Window, Scene and Node coordinates in JavaFX

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Here is an illustration on how the coordinate systems of the screen and JavaFX objects relate to each other. It is a great thing with JavaFX that you seldom bother about screen coordinates. Instead you rely on layout managers to position your nodes on screen. A node has its own coordinate system, should you like to do some positioning, e.g. in a game.

However, it can be difficult if you like to use a tool such as java.awt.Robot to demo or test your system. Robot has been part of Java for a long time and gives you the possibility to send stimuli to an application.

Robot works with integer screen coordinates so to click a button in my application, I need to find where it is on screen. I’ll give you the theory here and then a sample button that initiates a Robot to click on the button itself.

See the picture here. The “Window” arrow is at the point of the window’s origin in screen coordinates. Thus, if the user moves the window on the screen, the origin changes. The “Scene” arrow is at the point of the scene’s origin in window coordinates, in my case (8, 30). The node, which may be nested deep within a scene graph, can get its point in screen coordinates by using the method localToScene.

By that, we know enough to find the position of our button so that Robot can click on it. We simply add the window, scene and node coordinates.

As said, here is the code for the button that clicks itself. The buttonActionHandler returns an event handler that should be used for the button.

        final Button btn = new Button();
        btn.setText("Say 'Hello World'");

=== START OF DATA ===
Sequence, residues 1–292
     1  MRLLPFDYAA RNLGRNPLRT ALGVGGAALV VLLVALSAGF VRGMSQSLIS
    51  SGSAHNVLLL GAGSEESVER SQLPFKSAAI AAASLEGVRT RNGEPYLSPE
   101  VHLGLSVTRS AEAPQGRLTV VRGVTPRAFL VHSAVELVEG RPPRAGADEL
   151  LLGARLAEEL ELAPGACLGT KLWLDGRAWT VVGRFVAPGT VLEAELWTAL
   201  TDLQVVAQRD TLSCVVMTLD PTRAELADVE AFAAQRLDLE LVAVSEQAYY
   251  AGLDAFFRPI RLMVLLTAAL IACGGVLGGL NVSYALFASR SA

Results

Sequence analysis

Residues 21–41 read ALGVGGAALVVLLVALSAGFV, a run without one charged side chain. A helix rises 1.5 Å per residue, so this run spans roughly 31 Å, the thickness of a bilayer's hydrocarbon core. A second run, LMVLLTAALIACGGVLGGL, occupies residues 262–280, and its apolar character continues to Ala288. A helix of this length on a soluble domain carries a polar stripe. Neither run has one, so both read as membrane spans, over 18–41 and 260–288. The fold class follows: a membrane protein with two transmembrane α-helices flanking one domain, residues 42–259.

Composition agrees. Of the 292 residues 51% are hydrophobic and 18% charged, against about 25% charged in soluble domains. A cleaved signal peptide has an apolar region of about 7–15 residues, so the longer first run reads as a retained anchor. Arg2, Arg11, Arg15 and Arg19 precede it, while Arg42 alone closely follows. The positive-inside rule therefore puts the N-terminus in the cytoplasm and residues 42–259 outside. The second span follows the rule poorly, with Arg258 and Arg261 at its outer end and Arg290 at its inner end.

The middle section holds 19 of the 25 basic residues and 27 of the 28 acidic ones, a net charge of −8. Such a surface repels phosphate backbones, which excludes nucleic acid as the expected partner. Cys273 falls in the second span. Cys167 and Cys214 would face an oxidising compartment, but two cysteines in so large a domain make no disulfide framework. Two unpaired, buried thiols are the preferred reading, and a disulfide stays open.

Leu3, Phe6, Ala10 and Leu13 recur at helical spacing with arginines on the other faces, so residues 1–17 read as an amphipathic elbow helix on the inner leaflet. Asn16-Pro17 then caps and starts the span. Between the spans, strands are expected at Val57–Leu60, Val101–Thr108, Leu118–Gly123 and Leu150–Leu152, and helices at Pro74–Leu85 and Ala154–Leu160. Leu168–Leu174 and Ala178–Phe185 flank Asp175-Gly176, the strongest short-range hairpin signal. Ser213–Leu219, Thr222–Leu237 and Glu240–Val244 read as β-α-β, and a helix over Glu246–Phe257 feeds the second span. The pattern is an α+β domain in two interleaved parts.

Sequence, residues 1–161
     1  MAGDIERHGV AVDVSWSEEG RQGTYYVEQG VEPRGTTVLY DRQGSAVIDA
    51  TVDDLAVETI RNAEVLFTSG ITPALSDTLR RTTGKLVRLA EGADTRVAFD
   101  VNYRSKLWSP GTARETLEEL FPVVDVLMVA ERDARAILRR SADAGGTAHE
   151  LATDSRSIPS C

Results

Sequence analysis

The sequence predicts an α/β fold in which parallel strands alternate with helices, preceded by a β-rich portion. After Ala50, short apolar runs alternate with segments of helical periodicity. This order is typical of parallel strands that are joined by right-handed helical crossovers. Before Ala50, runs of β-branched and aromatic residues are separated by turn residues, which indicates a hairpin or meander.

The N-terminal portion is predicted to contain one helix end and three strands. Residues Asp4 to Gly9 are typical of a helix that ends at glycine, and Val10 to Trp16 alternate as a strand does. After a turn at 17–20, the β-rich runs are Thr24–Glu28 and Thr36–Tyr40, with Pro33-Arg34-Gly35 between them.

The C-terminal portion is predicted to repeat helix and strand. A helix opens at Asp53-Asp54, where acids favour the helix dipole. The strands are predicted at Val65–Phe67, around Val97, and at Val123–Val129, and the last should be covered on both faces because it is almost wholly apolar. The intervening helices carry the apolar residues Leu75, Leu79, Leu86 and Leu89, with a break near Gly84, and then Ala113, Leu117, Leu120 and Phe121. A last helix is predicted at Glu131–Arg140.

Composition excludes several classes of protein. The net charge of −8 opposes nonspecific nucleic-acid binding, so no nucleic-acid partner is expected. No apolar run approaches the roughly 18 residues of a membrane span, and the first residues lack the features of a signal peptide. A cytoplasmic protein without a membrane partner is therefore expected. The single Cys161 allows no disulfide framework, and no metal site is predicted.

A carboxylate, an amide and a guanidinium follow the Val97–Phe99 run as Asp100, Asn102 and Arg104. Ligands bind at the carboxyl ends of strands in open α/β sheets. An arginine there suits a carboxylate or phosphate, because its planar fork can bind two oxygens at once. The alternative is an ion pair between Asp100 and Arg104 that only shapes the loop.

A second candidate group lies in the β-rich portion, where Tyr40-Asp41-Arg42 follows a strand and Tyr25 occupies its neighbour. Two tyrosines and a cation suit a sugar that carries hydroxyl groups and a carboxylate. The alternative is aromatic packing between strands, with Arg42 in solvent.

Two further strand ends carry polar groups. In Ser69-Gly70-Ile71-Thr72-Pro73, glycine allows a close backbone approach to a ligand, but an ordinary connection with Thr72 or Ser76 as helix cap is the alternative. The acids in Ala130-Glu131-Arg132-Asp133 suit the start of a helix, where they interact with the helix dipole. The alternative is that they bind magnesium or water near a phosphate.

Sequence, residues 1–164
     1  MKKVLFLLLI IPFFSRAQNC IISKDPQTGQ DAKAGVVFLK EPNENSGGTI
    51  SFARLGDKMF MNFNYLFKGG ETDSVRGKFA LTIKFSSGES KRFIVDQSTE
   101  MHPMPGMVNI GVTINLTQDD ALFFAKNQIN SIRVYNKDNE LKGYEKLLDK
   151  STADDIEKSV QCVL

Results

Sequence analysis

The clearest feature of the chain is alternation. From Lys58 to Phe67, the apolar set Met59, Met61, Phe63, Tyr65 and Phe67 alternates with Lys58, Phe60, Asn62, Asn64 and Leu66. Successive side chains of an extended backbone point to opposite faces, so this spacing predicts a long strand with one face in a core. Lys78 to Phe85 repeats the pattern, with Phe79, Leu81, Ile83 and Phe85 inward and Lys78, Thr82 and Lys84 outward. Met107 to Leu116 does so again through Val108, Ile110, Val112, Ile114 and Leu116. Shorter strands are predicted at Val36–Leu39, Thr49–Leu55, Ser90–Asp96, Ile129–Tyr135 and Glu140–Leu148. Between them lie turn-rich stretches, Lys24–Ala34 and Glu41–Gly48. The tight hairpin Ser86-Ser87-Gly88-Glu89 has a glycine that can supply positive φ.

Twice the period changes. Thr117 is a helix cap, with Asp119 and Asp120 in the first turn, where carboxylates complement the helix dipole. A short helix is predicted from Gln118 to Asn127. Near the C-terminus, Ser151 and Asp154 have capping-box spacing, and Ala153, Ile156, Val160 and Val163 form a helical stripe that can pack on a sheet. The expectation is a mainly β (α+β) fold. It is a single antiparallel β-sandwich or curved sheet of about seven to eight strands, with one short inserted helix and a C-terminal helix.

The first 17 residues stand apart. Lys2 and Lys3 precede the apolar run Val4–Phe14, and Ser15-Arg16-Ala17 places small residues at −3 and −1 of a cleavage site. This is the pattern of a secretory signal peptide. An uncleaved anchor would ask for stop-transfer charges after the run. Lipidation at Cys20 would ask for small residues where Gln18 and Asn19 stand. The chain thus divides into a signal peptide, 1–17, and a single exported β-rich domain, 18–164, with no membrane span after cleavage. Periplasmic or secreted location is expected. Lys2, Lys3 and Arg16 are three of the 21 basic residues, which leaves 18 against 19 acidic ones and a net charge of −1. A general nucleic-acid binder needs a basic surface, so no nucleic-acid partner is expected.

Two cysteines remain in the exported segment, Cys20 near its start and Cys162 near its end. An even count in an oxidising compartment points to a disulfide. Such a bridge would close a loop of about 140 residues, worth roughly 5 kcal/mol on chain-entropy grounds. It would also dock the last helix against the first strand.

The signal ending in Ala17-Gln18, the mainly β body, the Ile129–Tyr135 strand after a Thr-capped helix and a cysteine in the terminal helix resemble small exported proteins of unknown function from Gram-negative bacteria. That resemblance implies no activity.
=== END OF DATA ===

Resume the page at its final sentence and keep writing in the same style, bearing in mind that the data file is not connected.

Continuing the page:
The handler prints out a famous message and calculates where the button is on screen. Note that we use the button’s upper left corner, which isn’t necessarily where we always wish to go. The coordinates are sent to clicMeAgainLater which sets up a TimeLine that will 5 seconds later call clickIt. That is where we use a Robot to move the mouse to the given point, press and release the left mouse button. Detailed stuff, as you can see. 🙂

 private EventHandler<ActionEvent> buttonActionHandler(final Button button) {
        return new EventHandler<ActionEvent>() {
            public void handle(ActionEvent event) {
                System.out.println("Hello World!");
                final Scene scene = button.getScene();
                final Point2D windowCoord = new Point2D(scene.getWindow().getX(), scene.getWindow().getY());
                final Point2D sceneCoord = new Point2D(scene.getX(), scene.getY());
                final Point2D nodeCoord = button.localToScene(0.0, 0.0);
                final double clickX = Math.round(windowCoord.getX() + sceneCoord.getX() + nodeCoord.getX());
                final double clickY = Math.round(windowCoord.getY() + sceneCoord.getY() + nodeCoord.getY());
                clickMeAgainLater(clickX, clickY);

            private void clickMeAgainLater(double x, double y) {
                           new KeyFrame(Duration.seconds(5), clickIt(x, y)))

            private EventHandler<ActionEvent> clickIt(final double x, final double y) {
                return new EventHandler<ActionEvent>() {
                    public void handle(ActionEvent t) {
                        try {
                            Robot robot = new Robot();
                            robot.mouseMove(new Double(x).intValue(), new Double(y).intValue());
                        } catch (AWTException ex) {
                            logger.log(Level.SEVERE, "bad mouse", ex);


  • 1
    2012-09-03 - 01:25 | Permalink

    […] Per Lundholm has blogged about Window, Scene and Node coordinates in JavaFX. […]

  • 2
    2013-05-12 - 11:53 | Permalink

    Great! This helped me doing the reverse, getting the mouse position using the robot, subtracting the window and screen coords, then sceneToLocal, to position a node under the mouse cursor.

  • 3
    2013-05-12 - 17:12 | Permalink

    Great to hear that it was of some help! 🙂

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